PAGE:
The National Bank of Cambodia, the rather competent central bank, did impressively move quickly earlier this month to ease restrictions on borrowing, which means banks and other financial institutions can borrow at lower rates, giving them enough liquidity to accept suspended payments from customers. More capital should also allow banks to lend more freely, which, one hopes, will spur investment and consumption.
Less palpable is the government’s offer of a stimulus package. Hun Sen announced on March 10 that his government has put aside between $800 million to $2 billion to help the economy weather this crisis. The latter figure applies if the global COVID-19 outbreak lasts until the end of the year, Hun Sen said. Granted, it is relatively large. It represents a quarter of the government planned state budget for this year. But, at present, it appears to be a back-of-an-envelope figure, with little indication of just how it will actually be spent.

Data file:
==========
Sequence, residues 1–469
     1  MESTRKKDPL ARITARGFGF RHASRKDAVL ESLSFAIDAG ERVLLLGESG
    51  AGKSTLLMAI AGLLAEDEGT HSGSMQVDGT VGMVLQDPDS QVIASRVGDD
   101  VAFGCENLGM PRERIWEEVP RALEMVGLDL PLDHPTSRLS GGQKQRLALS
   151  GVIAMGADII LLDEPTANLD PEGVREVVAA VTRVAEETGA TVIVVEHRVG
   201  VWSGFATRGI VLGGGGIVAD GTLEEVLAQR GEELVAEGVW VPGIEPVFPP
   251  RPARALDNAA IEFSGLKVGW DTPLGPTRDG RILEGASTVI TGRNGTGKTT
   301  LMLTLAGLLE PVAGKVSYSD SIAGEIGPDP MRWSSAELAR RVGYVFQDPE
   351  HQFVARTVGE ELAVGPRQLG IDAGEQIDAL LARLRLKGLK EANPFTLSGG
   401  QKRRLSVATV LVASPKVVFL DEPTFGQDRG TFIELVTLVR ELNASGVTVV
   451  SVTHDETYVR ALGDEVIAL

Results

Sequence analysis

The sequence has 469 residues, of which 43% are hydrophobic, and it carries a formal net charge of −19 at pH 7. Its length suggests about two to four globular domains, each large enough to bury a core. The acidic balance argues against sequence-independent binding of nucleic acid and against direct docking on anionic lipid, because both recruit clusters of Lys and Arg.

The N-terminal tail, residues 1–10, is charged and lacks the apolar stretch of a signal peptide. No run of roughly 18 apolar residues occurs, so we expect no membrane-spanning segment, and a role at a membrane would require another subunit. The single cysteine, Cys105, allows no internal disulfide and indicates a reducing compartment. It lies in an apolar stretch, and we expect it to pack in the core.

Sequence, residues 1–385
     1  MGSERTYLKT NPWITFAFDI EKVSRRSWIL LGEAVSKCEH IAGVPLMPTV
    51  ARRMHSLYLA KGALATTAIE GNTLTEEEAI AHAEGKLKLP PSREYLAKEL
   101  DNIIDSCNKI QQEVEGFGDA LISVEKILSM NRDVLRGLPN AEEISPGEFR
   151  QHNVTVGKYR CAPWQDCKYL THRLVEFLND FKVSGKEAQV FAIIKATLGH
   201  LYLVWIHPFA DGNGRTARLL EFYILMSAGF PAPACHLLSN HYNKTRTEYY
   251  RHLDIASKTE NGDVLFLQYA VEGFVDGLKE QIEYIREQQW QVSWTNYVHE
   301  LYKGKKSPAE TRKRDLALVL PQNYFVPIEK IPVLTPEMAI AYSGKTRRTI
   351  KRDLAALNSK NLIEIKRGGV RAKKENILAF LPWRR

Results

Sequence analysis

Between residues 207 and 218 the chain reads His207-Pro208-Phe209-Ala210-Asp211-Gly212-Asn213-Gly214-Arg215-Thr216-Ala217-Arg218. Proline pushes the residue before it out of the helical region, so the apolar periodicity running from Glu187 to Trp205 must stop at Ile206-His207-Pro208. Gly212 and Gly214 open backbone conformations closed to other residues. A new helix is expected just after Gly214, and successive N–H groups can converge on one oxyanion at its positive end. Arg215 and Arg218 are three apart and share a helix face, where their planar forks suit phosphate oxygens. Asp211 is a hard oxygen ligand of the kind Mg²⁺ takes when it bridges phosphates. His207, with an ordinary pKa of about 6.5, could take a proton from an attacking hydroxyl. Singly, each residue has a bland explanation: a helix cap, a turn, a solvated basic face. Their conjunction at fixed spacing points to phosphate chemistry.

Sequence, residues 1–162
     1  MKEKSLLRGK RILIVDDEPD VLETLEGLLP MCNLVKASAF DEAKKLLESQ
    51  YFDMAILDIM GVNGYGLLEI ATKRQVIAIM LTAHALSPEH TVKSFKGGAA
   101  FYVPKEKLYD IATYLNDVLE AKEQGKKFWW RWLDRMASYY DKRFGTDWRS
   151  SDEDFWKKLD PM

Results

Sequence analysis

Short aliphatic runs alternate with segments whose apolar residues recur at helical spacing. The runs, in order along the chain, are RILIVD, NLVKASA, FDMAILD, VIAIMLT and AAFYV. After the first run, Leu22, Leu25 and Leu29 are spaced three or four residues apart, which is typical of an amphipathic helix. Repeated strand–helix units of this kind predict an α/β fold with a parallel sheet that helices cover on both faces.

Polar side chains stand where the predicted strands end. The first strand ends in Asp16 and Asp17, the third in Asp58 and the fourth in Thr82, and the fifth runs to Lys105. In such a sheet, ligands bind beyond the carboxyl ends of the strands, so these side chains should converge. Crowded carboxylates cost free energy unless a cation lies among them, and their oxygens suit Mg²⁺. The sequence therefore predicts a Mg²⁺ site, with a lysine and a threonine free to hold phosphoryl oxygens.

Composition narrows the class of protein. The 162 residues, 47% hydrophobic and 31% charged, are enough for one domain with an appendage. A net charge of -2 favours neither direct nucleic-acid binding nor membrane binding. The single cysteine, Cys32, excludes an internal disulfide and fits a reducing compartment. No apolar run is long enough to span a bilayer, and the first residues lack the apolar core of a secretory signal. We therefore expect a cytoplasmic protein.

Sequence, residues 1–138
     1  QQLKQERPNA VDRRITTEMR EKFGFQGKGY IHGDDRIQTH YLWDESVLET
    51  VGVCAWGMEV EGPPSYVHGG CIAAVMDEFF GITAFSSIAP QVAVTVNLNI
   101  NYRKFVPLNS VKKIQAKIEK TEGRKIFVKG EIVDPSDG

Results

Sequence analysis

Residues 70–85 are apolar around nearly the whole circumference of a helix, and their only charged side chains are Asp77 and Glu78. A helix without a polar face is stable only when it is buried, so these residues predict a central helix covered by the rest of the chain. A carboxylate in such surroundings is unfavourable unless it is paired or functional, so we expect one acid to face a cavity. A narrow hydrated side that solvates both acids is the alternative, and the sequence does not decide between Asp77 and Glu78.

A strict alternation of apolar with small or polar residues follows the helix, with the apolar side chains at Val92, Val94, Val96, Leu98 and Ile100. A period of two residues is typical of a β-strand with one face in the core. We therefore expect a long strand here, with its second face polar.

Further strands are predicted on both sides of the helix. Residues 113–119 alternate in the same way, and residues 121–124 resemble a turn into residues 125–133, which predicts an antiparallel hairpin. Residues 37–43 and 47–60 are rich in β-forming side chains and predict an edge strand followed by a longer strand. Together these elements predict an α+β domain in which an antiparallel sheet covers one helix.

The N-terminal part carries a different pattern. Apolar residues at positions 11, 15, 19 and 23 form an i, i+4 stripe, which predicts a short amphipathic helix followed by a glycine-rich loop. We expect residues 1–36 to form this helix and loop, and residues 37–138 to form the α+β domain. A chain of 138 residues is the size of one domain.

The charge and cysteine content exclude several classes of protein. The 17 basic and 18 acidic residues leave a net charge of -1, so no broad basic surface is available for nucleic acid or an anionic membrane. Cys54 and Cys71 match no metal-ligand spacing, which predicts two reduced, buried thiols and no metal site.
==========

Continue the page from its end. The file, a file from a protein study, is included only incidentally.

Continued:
Some reports suggest that $50 million set aside for low-interest loans for struggling small firms was a measure related to the COVID-19 crisis, but that was actually planned last year and will be facilitated by the new Agricultural and Rural Development Bank. And much of this $2 billion stimulus package isn’t actually expenditure but expected reductions of state revenue because of tax breaks, delayed tax payments and other such measures that Phnom Penh will now offer businesses. A 4 percent stamp duty tax on property purchases has been suspended, for instance, while hotels and guesthouses in certain tourist hotspots have been exempted from paying tax until at least May. Cambodian import garment factories can also enjoy tax holidays until the end of the year. Moreover, many of these measures stemmed not from the COVID-19 crisis, but from Cambodia’s partial removal from a European Union preferential trade scheme last month.